US soldiers using Microsoft’s new HoloLens augmented reality (AR) glasses in recent field tests experienced “mission-impacting physical impairments” including headaches, eye strain and nausea, according to a report on test results prepared by the Pentagon Test Office, reports Bloomberg.
More than 80 percent of those who experienced discomfort had symptoms less than three hours after using a special version of Microsoft’s HoloLens glasses, said Nicholas Guertin, director of Operation Test and Evaluation, in a summary for Army and Defense Department officers. According to him, the system still has too many failures in performing basic functions.
Problems found during tests in May and June were outlined in a 79-page report this month. The Army marked it “Controlled Unclassified Information” to prevent public release, but Bloomberg obtained a summary of it.
Despite the shortcomings of the device, Guertin does not consider it a lost cause. He recommended the Army “prioritize improvements” before widespread deployment to reduce “physical discomfort of users.” According to him, the low-light sensors, display clarity, field of view and low reliability of some important functions of the glasses also need improvement.
At the same time, the reliability of the latest model has improved according to a key indicator — the average time between failures that lead to the inoperability of the entire system. Commanders and soldiers also reported that the latest version “enhanced the navigation and coordination of unit movements,” Guertin wrote.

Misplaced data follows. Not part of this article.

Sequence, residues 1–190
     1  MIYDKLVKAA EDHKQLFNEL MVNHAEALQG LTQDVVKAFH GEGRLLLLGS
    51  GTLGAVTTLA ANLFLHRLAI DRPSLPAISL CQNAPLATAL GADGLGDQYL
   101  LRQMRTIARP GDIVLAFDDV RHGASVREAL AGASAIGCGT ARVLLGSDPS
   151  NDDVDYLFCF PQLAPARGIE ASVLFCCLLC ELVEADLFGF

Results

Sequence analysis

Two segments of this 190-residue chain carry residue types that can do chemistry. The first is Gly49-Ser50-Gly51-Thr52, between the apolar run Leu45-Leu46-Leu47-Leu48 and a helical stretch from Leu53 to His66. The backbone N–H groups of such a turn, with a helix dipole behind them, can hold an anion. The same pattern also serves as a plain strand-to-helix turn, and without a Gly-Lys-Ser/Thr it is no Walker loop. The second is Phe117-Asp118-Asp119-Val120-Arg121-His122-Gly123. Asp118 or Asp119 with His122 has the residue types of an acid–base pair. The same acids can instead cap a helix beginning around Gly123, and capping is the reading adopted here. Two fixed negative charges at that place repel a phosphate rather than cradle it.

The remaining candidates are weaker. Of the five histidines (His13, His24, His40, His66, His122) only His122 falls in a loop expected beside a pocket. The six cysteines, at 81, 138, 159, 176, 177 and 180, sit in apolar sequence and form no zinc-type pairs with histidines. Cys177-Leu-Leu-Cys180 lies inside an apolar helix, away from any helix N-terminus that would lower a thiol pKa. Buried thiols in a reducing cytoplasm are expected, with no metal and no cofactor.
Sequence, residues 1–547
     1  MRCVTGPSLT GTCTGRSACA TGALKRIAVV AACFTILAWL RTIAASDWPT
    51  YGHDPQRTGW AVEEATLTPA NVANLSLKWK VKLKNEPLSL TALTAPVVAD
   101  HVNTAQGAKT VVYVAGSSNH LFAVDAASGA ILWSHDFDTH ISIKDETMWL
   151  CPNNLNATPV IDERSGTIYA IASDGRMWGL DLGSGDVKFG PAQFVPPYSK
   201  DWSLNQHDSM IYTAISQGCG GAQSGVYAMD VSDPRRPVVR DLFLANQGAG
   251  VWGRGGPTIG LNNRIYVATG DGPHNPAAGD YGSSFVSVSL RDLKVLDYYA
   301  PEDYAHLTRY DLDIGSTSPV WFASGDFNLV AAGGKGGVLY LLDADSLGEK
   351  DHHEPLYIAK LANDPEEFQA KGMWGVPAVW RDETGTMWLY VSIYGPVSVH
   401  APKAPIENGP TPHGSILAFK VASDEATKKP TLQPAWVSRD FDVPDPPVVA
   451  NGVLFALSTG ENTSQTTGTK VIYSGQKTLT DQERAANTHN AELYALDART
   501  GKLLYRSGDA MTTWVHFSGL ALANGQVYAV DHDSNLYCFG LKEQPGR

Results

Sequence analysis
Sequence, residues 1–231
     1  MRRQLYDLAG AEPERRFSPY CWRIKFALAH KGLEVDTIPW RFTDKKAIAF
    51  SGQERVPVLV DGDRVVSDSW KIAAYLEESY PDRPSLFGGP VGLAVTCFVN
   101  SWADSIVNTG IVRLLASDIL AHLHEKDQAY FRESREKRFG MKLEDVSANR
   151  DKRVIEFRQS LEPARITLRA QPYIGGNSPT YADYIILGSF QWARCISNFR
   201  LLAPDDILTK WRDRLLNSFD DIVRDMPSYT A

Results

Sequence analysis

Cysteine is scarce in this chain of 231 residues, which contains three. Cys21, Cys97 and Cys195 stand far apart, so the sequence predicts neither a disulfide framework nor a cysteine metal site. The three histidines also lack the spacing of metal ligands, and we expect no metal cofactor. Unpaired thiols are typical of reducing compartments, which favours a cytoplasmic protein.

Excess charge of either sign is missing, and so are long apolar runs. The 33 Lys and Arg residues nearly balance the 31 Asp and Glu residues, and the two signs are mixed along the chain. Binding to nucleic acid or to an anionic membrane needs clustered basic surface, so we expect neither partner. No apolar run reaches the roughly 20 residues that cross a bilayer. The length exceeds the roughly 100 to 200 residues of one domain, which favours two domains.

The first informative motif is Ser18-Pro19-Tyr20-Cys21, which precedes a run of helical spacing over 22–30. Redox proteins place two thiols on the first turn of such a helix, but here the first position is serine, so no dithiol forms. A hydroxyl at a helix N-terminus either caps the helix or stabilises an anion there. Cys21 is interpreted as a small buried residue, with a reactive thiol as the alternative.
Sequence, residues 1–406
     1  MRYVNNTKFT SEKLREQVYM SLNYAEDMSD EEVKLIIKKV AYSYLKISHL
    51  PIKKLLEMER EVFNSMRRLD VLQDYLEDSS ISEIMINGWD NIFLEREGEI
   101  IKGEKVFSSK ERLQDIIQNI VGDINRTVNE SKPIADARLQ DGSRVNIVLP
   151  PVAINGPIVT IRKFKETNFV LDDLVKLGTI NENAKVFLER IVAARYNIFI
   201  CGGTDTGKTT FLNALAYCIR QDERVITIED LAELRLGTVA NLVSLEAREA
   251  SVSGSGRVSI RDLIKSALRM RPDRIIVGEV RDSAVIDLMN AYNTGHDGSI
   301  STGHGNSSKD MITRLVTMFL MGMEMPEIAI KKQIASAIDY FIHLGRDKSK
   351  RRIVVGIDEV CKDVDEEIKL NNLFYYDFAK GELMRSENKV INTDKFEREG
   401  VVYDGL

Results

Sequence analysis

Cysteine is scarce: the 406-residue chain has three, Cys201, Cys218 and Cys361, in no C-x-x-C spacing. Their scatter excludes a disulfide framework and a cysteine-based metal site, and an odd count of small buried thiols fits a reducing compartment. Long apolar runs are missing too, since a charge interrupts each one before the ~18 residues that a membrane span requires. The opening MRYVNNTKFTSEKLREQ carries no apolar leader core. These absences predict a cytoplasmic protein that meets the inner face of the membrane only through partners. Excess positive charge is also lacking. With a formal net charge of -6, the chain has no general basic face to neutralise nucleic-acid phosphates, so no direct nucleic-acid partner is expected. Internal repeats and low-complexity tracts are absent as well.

Microsoft’s Integrated Visual Augmentation System (IVAS) is expected to provide US ground forces with a “heads-up display” similar to those worn by fighter pilots. It will allow commanders to project information onto a screen in front of a soldier and will include features such as night vision. The Army is projected to spend $21.9 billion over the next 10 years on AR glasses, spare parts and support services if all military requests are implemented.
The test results will be scrutinized by lawmakers, who will decide whether to approve the $424.2 million the Army has proposed to spend on the program this fiscal year. The House and Senate Appropriations Committees have separately proposed substantial cuts to the Army’s requests pending test results.
One finding that may make members of Congress think twice: soldier acceptance of the glasses “remains low.” Both they and their commanders said the glasses did not “contribute to their ability to perform their mission.”
Microsoft, which did not receive a copy of the test results, said its close collaboration with the military allowed it to quickly create and modify the device “to develop a transformative platform that will deliver enhanced soldier safety and effectiveness.”